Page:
"This is an important book that will influence and challenge physicians and social scientists, as well as anyone concerned about the present problems and future direction of medical practice. I know of no other analysis that succeeds as well in discussing the links between medical practice and social issues. I fully expect this work to have a major impact on the consolidation of interdisciplinary thinking about the medical interview, transforming general theoretical debate and permeating empirical practice. Overall, this is a noteworthy contribution and continues a body of work from a major social critic who forces us to rethink what medicine is all about."—Jeffrey Michael Clair, Journal of the American Medical Association

"Waitzkin takes us beyond his earlier work and beyond what is standard in the field."—Sue Fisher, Contemporary Sociology

"The author uses impressive, meticulous methods to acquire and study valid, reliable observations within a critical framework. . . . There is both divine discontent and perhaps real change to be gained from the discomfiting, brilliant, and original analyses he offers."—Henry Schneiderman, M.D., Annals of Internal Medicine

"Because the problems and complaints that patients bring to their doctors often have causes in social issues of many kinds, family, work, sexuality etc., there is need for the physician to address these issues as well as the presenting condition. . . . The author analyses medical encounters showing how doctors unintentionally maintain dominance by encouraging conforming social behaviour. He stresses the need for a new approach recommending changes which if adopted alter the whole perspective and role of medical practice as physicians become agents of social changes as well as personal healing."—Journal of the Institute of Health Education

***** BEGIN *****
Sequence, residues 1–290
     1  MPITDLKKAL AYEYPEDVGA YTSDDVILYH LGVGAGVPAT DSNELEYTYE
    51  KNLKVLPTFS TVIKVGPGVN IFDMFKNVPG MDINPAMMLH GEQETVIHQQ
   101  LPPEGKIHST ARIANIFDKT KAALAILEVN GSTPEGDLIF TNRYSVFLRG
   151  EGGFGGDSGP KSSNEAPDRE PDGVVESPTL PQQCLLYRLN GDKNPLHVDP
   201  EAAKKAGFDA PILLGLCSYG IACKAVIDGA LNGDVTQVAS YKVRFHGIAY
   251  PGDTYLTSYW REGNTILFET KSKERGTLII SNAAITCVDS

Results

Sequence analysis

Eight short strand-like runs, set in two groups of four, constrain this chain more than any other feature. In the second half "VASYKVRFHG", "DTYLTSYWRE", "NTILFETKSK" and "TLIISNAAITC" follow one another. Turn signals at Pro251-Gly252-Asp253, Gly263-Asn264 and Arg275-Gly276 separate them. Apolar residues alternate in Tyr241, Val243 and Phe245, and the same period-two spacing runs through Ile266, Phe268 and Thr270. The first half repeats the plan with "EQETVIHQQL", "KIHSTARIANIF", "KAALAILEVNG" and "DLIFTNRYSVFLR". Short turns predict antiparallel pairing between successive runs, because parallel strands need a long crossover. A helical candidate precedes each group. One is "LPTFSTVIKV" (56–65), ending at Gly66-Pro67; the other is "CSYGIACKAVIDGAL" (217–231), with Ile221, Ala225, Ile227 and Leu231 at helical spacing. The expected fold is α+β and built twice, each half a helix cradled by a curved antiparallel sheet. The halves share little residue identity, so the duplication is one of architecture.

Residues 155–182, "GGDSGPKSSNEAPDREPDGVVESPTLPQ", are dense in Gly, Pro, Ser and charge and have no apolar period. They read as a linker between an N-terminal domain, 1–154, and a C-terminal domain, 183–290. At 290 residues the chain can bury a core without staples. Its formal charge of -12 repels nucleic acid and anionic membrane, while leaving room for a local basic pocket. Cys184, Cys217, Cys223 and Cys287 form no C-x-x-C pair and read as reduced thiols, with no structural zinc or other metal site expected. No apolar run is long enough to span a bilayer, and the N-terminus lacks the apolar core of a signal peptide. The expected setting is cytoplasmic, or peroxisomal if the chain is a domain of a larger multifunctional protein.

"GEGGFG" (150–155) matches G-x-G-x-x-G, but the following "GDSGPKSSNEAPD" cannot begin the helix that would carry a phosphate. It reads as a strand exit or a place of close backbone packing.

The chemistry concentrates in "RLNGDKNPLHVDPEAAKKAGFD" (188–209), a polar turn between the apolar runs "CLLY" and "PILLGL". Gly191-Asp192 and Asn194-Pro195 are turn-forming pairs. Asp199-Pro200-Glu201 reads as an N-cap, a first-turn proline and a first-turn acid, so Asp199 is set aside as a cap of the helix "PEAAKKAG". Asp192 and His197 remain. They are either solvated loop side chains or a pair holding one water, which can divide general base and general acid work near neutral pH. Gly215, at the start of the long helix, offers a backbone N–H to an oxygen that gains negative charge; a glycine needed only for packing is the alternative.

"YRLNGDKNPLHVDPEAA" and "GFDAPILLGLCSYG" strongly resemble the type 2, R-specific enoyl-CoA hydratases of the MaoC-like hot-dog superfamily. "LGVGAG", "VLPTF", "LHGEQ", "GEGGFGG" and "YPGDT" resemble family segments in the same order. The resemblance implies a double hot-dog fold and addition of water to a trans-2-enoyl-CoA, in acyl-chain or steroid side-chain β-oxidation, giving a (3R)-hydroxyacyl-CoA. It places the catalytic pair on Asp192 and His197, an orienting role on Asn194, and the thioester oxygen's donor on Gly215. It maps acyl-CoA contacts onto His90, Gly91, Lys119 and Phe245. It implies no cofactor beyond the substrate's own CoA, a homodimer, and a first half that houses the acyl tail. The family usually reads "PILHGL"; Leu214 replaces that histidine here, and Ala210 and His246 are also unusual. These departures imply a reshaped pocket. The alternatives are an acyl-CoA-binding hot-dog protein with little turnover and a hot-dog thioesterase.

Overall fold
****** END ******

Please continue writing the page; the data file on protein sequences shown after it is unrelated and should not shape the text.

"Waitzkin provides us with a new way to view medical encounters. Regardless of one's theoretical orientation, his ideas force us to look at medical conversation at a deeper level than is simply revealed by content."—Analee E. Beisecker, Health Communication

"This book will have a diverse audience. . . . The author provides one of the most lucid and concise summaries of critical theory and its relevance to medicine that we have ever read. . . . This book is so well written that we can recommend it to any practitioner who would like a fresh vantage point from which to reflect on actions in patient management. An immediate reward of such an effort should be an understanding of how the frequently conflicting agendas of doctor and patient may be managed differently for the gain of both."—J. Carey Jackson, M.D. and Thomas S. Inui, M.D., Journal of General Internal Medicine

"Expert in both social sciences and medicine, Waitzkin . . . is well qualified to write, and to assume the role of social critic. The introduction is a detailed and accurate editorial on the sorry state of medical practice regarding attention to the psychosocial needs of patients which extend beyond prescriptions, surgery, or personal advice drawn from a physician's own cultural and personal bias. . . . The volume offers useful insights into medical encounters regarding patients' concerns, e.g., aging, self-destructive behaviors, and emotional problems."—Choice

ISBN: 9780300055115
Publication Date: January 27, 1993
327 pages, 6 1/8 x 9 1/4